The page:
Fig. 6
figure 6

Forest plot of the relation between blood zeaxanthin (µmol/L) and dementia and MCI, 2002–2017. The data are expressed as SMDs with 95%CIs. The overall effect is represented by a hollow diamond. The horizontal lines represent 95%CI. The sizes of the shaded squares are proportional to study weight

Two studies including 224 patients with MCI and 1684 controls, reported on plasma zeaxanthin levels [37, 51]. A single study [37] showed that plasma zeaxanthin levels in patients with MCI were notably lower than in controls (P < 0.01); however, one study [51] showed that patients with MCI had the same plasma zeaxanthin levels as controls. The pooled data suggested no significant between-group difference in plasma zeaxanthin levels (SMD: -0.317; 95%CI: -1.009, 0.376; I2 = 86.8%) (Supplemental Fig. 3).


Nine papers [34, 35, 37,38,39, 42, 43, 46, 48] retrieved blood β-cryptoxanthin levels, including 780 patients with dementia and 2047 controls. The pooled findings showed that patients with dementia had lower blood β-cryptoxanthin levels than controls in a random-effect model (SMD: -0.617; 95%CI: -0.953, -0.281). Statistically, significant heterogeneity was noted among studies on blood β-cryptoxanthin levels (I2 = 91.7%, P = 0.000) (Fig. 7). The subgroup analyses showed that blood carotenoid levels were lower in patients with AD than in the controls, and the pooled SMD was significant both in the subgroups of serum and plasma (Supplemental Table 2). The meta-regression analyses showed that these covariates have no significant contribution to the between-study heterogeneity (Supplemental Table 3). In sensitivity analysis, leaving out any individual study did not cause large fluctuations in the combined SMD results (Supplemental Fig. 1F). Egger’s test for the association between blood β-cryptoxanthin levels and dementia detected no publication bias among these studies (P = 0. 492) (Supplemental Table 4).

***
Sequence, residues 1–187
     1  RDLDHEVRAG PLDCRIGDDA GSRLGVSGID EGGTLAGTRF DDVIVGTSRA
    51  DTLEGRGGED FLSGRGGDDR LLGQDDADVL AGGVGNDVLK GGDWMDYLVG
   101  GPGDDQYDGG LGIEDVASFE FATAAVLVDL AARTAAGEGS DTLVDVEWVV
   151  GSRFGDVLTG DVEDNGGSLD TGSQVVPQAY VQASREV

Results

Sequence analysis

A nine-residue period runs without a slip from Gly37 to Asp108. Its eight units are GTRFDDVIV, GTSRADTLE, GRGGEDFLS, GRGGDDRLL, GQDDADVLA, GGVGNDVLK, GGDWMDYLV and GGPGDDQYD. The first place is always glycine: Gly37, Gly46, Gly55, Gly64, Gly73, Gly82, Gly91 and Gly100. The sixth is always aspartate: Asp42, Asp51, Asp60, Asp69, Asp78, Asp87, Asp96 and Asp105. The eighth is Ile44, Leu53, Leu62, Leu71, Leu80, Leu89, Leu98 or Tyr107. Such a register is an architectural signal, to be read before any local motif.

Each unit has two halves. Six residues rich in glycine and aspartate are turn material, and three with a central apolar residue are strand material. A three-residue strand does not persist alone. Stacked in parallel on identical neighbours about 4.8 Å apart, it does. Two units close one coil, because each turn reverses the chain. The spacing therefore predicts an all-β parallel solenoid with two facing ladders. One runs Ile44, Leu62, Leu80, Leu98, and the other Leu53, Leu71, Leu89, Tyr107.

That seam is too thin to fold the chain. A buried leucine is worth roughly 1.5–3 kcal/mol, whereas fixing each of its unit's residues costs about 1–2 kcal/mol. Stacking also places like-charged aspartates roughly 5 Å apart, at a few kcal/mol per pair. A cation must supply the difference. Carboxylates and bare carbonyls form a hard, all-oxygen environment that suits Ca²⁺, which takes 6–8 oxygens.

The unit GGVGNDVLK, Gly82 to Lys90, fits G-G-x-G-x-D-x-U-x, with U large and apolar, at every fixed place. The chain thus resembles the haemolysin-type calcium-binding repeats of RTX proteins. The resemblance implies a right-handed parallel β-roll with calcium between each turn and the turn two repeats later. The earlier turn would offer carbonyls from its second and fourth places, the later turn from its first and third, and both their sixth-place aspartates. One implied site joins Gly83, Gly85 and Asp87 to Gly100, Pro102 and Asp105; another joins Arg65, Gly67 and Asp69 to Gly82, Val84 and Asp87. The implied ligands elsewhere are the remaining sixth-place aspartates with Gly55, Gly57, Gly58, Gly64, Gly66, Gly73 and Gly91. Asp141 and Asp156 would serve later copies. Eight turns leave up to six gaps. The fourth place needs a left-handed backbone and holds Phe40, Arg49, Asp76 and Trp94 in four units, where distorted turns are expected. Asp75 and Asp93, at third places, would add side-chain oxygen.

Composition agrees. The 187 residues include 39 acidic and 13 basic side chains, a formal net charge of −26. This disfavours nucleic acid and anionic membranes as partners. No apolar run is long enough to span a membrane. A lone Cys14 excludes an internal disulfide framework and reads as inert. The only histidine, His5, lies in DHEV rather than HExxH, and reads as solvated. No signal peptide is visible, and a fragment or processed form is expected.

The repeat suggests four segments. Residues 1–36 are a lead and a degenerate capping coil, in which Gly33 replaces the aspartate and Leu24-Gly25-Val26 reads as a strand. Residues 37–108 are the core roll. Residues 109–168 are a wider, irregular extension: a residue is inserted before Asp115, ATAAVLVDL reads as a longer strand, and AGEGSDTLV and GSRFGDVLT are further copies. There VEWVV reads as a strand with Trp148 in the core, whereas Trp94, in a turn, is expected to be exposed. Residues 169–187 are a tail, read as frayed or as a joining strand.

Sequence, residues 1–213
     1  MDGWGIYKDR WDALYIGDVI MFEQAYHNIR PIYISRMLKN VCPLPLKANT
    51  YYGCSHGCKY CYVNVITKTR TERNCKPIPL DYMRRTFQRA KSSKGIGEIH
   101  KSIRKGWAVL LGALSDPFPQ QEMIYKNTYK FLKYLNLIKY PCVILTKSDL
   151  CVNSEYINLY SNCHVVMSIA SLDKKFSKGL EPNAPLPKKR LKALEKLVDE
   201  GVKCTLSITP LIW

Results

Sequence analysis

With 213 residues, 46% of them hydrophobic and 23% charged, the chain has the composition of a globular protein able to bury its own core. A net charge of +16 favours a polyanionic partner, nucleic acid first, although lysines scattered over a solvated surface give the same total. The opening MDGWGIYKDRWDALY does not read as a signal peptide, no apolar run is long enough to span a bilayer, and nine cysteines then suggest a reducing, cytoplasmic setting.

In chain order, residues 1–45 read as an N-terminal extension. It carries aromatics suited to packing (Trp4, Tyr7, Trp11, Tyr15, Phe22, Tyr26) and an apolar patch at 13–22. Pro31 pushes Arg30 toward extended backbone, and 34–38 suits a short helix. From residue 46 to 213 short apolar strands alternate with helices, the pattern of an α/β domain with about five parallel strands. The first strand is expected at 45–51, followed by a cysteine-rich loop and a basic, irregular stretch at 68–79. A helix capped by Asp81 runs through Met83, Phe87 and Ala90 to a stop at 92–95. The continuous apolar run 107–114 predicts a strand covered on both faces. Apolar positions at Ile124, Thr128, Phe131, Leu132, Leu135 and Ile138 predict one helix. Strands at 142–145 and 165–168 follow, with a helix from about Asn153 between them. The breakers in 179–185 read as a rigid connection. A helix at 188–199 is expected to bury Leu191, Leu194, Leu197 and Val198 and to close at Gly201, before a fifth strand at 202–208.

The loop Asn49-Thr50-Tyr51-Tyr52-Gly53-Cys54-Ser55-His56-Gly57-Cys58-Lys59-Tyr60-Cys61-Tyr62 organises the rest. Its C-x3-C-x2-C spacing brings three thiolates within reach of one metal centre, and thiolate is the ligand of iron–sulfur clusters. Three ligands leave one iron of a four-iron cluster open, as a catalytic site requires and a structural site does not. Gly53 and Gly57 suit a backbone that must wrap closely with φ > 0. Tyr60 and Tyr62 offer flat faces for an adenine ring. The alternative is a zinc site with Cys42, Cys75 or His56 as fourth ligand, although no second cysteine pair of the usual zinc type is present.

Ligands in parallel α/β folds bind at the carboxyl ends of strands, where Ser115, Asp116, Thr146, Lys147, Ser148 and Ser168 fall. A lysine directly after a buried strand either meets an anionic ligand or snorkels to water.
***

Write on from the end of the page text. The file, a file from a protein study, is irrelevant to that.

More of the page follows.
Fig. 7
figure 7

Forest plot of the relation between blood β-cryptoxanthin (µmol/L) and dementia and MCI, 2002–2020. The data are expressed as SMDs with 95%CIs. The overall effect is represented by a hollow diamond. The horizontal lines represent 95%CI. The sizes of the shaded squares are proportional to study weight

Two publications reported plasma β-cryptoxanthin levels in 224 patients with MCI and 1684 controls [37, 51]. One study [37] measured significantly higher plasma levels of β-cryptoxanthin in patients with MCI than in controls (P < 0.001), while another study [51] reported appreciably lower plasmaβ-cryptoxanthin levels in patients with MCI than in controls (P < 0.05). The pooled data revealed that no significant differences were observed in plasma β-cryptoxanthin levels between patients with MCI and controls (SMD: -0.839; 95%CI: -2.553, 0.874; I2 = 97.9%) (Supplemental Fig. 3).


Main findings